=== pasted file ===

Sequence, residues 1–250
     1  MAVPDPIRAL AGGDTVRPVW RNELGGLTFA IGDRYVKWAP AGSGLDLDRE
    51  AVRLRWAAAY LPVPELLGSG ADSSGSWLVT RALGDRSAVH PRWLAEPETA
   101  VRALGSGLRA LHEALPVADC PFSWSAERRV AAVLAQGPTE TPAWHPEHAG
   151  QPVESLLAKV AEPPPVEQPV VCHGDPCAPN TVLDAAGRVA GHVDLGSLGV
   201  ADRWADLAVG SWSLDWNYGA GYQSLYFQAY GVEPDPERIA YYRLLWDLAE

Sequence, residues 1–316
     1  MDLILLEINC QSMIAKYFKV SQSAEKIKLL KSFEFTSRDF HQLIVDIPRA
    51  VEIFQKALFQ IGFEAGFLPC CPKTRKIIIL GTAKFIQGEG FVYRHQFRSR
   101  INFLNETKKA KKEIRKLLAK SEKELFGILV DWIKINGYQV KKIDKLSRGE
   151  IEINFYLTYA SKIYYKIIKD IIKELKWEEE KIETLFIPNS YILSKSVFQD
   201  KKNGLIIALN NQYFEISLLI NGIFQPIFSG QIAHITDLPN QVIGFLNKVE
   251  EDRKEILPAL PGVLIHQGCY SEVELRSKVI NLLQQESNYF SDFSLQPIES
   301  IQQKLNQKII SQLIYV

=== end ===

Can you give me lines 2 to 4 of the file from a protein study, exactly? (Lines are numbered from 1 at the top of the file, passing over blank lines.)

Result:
     1  MAVPDPIRAL AGGDTVRPVW RNELGGLTFA IGDRYVKWAP AGSGLDLDRE
    51  AVRLRWAAAY LPVPELLGSG ADSSGSWLVT RALGDRSAVH PRWLAEPETA
   101  VRALGSGLRA LHEALPVADC PFSWSAERRV AAVLAQGPTE TPAWHPEHAG